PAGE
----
Story by Parker Hall, via or partner site, Digital Trends /
Apple has begun an all-out attack on home audio by announcing at its 2017 Worldwide Developers Conference the company’s highly anticipated new smart speaker, the HomePod. The HomePod takes aim at new smart speakers that have been dominating the market in recent years, including devices like Amazon’s Alexa and Google’s Home, while simultaneously looking to capture the high-end (and home-filling) sound of Sonos’ multiroom speakers.
The speaker’s design doesn’t deviate much from the smart-speaker playbook, looking very similar to multiple wireless speakers on the market as of late. The speaker stands just under 7-inches tall, and is covered in acoustically treated mesh. Inside is a 360-degree array of seven tweeters along the base and a 4-inch, upward-facing woofer claimed to combine for excellent, room-filling sound.
In addition, onboard processing via Apple’s A8 chip means that the speaker offers spacial awareness to automatically tune itself to any room. Multiple speakers can also be synced together, including pairing two of the speakers in stereo, a la Sonos’ Play:1 speakers, among many others.
And of course, we can’t forget the smart functionality via Apple’s sassy assistant Siri. With an array of microphones inside and Siri on board, the HomePod will integrate seamlessly with the company’s Apple Music streaming service, allowing users to ask questions like, “What was the top song in 2015?” or more ambiguous requests like “Play something new.” Thanks to cloud connection, users can also ask the HomePod the same questions they might ask an Echo or Google Home device via Apple’s Homekit protocol, ranging from simple requests like reminders to complex smart home controls, whether you’re in your home or abroad.
Unlike its typical closed-ecosystem approach, Apple is also casting a wide net for its new multiroom listening system, coming with Airplay’s second generation. In addition to the HomePod, the company announced the new “Airplay 2” protocol Monday, which will integrate with iOS 11 to allow listeners to select a variety of Airplay-supported speakers to play back music in their home at any given time, both manually, and via Siri. The Airplay 2 functionality will also support third-party applications.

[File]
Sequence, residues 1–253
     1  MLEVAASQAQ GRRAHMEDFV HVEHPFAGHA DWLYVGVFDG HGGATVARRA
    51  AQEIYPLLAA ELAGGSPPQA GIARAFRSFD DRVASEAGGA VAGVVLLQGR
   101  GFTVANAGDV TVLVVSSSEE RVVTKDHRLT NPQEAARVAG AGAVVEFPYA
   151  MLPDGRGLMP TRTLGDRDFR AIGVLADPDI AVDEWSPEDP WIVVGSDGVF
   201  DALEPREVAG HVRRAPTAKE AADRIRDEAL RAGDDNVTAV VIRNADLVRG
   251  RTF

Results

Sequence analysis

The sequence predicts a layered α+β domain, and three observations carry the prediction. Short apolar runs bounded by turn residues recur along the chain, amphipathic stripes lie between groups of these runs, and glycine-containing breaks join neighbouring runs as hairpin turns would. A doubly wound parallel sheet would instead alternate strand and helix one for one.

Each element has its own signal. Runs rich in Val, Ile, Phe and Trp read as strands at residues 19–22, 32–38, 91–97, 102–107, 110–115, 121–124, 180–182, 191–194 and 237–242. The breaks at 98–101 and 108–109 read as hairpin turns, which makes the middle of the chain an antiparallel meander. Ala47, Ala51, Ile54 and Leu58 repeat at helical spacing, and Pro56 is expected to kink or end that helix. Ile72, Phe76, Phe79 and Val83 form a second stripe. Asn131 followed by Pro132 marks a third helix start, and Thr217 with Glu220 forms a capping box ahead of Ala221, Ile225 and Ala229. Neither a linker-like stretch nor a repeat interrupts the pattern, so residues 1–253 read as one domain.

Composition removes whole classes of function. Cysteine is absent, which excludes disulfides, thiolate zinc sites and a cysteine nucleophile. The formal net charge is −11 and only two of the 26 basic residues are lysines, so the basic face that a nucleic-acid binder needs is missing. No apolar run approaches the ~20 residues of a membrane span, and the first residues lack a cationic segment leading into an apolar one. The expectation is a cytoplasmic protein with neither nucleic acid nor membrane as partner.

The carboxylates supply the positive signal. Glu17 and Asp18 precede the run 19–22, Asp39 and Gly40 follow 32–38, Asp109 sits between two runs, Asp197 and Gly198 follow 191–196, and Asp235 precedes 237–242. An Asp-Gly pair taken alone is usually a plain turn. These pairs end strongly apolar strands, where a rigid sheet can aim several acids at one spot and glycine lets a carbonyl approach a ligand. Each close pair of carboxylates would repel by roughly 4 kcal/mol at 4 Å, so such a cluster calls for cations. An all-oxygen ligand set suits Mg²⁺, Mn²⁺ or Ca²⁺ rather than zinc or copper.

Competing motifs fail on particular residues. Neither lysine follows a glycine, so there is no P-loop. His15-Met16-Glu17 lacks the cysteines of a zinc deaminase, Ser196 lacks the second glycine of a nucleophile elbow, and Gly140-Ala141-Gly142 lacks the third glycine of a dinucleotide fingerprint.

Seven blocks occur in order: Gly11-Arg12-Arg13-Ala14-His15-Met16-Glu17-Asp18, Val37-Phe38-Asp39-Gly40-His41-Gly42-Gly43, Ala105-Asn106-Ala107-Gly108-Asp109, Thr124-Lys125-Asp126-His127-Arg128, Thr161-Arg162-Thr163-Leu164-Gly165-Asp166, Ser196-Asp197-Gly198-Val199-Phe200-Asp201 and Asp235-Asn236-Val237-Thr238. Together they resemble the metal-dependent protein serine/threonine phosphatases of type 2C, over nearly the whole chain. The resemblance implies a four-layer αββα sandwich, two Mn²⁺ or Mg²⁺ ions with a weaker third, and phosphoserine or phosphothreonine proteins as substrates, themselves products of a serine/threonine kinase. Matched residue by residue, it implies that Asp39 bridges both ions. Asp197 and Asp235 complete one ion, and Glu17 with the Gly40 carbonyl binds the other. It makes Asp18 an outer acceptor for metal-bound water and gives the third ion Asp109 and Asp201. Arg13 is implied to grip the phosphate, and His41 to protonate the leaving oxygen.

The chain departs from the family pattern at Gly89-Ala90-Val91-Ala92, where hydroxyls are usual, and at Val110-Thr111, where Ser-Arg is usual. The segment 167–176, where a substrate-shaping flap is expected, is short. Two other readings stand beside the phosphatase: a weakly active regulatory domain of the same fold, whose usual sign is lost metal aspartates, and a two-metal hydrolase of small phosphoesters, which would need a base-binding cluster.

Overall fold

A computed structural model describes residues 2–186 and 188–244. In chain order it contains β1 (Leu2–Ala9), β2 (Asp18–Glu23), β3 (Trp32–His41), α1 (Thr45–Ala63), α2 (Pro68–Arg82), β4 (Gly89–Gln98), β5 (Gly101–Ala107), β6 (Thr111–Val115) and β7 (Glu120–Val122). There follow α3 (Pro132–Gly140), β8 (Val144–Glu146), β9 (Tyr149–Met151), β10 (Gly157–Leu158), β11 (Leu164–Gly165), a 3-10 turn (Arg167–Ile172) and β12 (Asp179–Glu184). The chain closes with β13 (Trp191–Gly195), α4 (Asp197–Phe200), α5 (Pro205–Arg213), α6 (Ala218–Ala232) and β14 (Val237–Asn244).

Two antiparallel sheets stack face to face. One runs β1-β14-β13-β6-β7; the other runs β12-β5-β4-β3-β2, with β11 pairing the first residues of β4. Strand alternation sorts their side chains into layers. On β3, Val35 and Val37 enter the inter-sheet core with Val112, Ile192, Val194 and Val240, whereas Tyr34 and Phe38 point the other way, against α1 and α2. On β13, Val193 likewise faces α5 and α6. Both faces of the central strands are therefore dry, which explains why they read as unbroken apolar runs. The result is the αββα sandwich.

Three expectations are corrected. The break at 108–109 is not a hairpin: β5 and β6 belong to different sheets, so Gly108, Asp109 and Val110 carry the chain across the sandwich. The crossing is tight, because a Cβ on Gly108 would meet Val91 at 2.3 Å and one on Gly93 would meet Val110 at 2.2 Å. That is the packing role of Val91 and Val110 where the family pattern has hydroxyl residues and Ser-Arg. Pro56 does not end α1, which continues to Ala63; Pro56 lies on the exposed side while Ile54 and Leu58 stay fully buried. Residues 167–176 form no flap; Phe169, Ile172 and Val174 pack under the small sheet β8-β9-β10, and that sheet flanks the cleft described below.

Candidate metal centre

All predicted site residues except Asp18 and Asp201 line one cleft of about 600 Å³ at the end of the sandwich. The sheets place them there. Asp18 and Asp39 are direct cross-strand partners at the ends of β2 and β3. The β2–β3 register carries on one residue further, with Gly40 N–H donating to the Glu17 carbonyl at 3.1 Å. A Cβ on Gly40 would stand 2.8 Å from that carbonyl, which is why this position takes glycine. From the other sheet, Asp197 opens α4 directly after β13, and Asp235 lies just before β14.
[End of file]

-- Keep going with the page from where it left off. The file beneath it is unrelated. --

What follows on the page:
Like Google’s Cast, the new multiroom audio functionality will integrate with Apple TV as well, allowing those who own Apple’s video streaming box to control playback on their larger screens.
As far as third-party speakers are concerned, the company has announced an expansive list of high-end audio partners whose devices will be supported, including acclaimed manufacturers like Bang & Olufsen, Bose, Denon, McIntosh, Bowers & Wilkins, Polk, and even the ultra-pricey Devialet brand.
This new, inclusive approach represents a significant difference between Apple’s new multiroom functionality and that of industry-leading multiroom speaker maker Sonos, which takes a top-down approach to its speaker systems, requiring listeners to buy Sonos-branded speakers to create their full-home speaker setup.
Needless to say, we’re excited to see the new speaker and multiroom functionality in action. The HomePod is set to cost $350 and will be available in the United States, United Kingdom, and Australia starting this December, with further international rollout following in 2018. The new Airplay 2 functionality will hit the market with iOS 11 this fall. Those interested in learning more can check out Apple’s website.